Being smart, Cash, the Pelicans’ vice president of operations and team development, knows better. What happens with the Pels in Orlando does not matter when weighed against the next 10 years – at all. No one in the Big Easy will give a damn in three years if the Pelicans rally to the eighth spot in the west now if Williamson is healthy and beasting opponents in 2023. So keeping him on his current pitch count designed by the team’s medical staff will continue to be official club policy, no matter what it does to New Orleans’ postseason hopes, and no matter what NBA Twitter says. Kowtowing to the “microwave mentality,” as Cash puts it, is franchise suicide. And she’s been far too accomplished in her career to recommend giving in to the will of the moment.
February 1, 2023 | 8:59 am EST Update
Multiple NBA sources said the Golden State Warriors have had internal discussions about Thybulle and that they do like him as a defensive stopper. The Sacramento Kings are also reportedly monitoring his availability. A league source confirmed the interest, saying Kings coach Mike Brown is a fan of Thybulle, who would add a defensive presence to Sacramento’s starting lineup. The Kings (28-21), who surprisingly sit at third place in the Western Conference, are pondering upgrades for a postseason push after an NBA-record 16 straight seasons without a playoff appearance. The Kings’ and Warriors’ interest makes sense and is something to pay attention to.
So Thybulle was shopped last summer. Sources said the Sixers even attempted to trade him to the Portland Trail Blazers on draft night as part of a three-team deal that would have brought the Houston Rockets’ Eric Gordon to Philly.
James was asked if he thought the achievement — a hallowed record in not just basketball but across all professional sports — was now “heavier” with it being so close. “It’s not getting heavier,” he said. “I’m going to do it. I mean, it’s just a matter of time when I’m going to do it. It’s not heavy. I’m not going anywhere. I’m going to be in this league for at least a few more years. “I’m going to do it. It’s not heavy at all.”
James’ ability to sustain at such a high level remained otherworldly, as the 38-year-old star is now 89 points away from passing Abdul-Jabbar’s record scoring mark that has stood for nearly 39 years. “He’s just a kid who’s grown before our eyes, the last 20 years at this level, has done nothing but play the right way and make the play that’s in front of him,” Lakers coach Darvin Ham said. “Regardless of how much he’s been criticized for a while for not taking the last shots and the overpassing, he’s just making the right plays. You saw that again tonight.”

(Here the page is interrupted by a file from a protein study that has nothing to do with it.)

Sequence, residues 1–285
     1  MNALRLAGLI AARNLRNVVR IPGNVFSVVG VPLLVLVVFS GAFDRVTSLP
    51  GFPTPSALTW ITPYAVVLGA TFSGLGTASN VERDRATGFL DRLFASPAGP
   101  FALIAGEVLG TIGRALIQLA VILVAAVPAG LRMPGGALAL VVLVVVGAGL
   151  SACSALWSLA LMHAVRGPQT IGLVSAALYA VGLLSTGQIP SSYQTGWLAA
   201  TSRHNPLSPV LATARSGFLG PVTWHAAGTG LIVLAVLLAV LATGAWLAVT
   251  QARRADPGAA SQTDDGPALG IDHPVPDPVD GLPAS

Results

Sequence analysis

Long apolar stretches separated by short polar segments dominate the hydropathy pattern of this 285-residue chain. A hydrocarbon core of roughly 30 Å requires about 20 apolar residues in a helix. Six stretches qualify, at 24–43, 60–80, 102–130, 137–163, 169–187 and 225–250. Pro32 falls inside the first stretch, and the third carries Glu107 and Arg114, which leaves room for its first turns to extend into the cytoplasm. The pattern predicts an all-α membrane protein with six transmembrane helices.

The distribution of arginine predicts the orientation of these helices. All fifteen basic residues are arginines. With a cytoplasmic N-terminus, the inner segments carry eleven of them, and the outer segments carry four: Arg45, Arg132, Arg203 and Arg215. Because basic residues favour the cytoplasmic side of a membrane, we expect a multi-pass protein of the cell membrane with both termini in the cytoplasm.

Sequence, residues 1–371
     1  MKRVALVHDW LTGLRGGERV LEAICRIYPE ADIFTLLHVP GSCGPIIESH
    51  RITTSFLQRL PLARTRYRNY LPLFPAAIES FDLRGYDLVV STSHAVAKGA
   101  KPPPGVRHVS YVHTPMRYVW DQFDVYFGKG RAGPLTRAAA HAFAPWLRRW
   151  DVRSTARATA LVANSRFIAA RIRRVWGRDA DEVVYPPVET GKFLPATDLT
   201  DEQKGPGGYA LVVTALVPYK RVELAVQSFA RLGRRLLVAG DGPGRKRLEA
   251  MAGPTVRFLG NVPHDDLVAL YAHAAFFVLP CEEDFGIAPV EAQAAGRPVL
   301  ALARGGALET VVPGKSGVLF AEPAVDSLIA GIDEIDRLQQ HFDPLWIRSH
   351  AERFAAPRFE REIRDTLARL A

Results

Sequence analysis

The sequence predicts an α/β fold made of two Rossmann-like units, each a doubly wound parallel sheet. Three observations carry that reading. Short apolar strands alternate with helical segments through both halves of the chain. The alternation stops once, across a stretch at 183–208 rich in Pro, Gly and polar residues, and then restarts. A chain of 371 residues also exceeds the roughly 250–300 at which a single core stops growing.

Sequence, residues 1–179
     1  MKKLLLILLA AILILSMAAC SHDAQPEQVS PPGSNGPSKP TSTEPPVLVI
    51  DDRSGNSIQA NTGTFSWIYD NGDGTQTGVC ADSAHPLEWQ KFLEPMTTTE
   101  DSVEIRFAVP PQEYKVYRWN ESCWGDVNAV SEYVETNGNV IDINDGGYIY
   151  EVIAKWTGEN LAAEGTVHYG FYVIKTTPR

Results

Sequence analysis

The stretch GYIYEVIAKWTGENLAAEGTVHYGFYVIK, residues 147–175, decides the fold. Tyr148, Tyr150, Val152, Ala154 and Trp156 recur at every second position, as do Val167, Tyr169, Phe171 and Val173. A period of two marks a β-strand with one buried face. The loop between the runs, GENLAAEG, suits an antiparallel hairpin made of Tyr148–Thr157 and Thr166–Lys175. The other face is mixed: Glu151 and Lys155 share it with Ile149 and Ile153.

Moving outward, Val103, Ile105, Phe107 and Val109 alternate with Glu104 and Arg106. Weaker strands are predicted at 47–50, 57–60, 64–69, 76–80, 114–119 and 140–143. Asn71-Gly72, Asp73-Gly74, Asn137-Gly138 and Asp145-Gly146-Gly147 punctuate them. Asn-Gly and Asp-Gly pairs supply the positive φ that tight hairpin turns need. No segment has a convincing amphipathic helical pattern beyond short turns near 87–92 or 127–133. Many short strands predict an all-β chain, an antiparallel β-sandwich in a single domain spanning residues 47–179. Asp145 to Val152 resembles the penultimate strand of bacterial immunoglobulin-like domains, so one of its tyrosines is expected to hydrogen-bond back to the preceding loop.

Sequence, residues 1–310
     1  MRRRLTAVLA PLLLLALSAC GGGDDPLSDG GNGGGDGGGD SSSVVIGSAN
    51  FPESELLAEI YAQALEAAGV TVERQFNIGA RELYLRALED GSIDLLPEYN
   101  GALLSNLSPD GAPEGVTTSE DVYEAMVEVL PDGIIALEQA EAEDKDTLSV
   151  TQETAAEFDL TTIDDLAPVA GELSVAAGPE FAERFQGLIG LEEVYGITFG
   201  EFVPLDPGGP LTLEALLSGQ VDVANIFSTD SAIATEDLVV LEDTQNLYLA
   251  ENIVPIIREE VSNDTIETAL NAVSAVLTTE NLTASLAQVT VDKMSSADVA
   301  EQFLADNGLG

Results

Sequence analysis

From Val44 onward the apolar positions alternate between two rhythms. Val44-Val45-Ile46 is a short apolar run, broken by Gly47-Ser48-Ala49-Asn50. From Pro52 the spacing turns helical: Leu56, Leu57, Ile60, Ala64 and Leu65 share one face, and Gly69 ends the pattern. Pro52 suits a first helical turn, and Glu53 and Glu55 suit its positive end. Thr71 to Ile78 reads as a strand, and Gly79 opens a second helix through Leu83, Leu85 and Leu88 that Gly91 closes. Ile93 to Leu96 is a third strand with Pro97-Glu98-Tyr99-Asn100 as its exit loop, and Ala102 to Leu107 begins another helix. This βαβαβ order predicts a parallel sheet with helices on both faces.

The question is how much more can he pad his soon-to-be scoring record? James hasn’t played more than 67 games in a season since 2017-18, but even if he plays 60 next year and sees a modest dip in his scoring average to 25 points per game, we’re looking at 1,500 more points, which would make him the first player to clear the 40,000 barrier. If he plays one more year after that to get in his run with Bronny, that would likely add another 1,500 or so and set the record at 42,000 points.
In other words, breaking LeBron’s record will probably require averaging more points per game than he did, because playing as many games in this era will be extremely difficult. (It’s also possible the league shortens the schedule at some point.) Additionally, James got an extra year at the beginning of his career relative to today’s players because he came to the league straight from high school, which is not possible at the moment. The league could potentially reverse its position, of course, but for now it’s another impediment to any potential record-breaker. James got a 1,654-point lead on the field in that 2003-04 season in Cleveland.
In a reminder of how generational of a talent James is, he also passed Mark Jackson and Steve Nash to move up to fourth on the all-time assist list. There’s a reasonable chance he moves into first in points and fourth in assists in the same week, illustrating both his remarkable durability and his uniquely fitted offensive repertoire. “It’s amazing because that’s just what I love to do and get my guys involved,” James said of passing Jackson and Nash. “I try to put the ball on time and on target with my guys throughout the course of my career and I’m with another great group that allows me to see the space and see the floor and I’m able to get it to them and try to get it to them with the right type of pass. But they have to make the shots and they’ve done a great job of that. Not only this season, but over the course of my career, so it’s pretty cool.